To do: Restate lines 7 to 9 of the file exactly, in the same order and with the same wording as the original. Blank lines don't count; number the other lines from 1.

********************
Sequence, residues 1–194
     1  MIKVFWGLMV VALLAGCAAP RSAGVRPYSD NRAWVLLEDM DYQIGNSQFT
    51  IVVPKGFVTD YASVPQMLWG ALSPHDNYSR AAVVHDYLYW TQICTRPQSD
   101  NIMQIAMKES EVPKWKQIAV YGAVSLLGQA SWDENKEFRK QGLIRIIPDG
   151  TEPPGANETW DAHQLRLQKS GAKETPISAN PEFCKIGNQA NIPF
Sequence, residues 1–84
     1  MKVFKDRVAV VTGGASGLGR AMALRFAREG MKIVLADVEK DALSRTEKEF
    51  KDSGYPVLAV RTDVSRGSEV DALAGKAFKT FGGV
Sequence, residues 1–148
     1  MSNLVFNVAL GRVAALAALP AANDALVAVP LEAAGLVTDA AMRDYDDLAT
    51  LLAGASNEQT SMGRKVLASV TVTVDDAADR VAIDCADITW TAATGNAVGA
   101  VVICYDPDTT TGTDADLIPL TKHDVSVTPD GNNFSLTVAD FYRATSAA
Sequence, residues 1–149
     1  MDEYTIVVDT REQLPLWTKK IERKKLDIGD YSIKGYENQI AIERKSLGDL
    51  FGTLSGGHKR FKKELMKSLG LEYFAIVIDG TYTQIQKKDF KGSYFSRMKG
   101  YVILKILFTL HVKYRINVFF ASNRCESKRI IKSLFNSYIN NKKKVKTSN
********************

     1  MKVFKDRVAV VTGGASGLGR AMALRFAREG MKIVLADVEK DALSRTEKEF
    51  KDSGYPVLAV RTDVSRGSEV DALAGKAFKT FGGV
Sequence, residues 1–148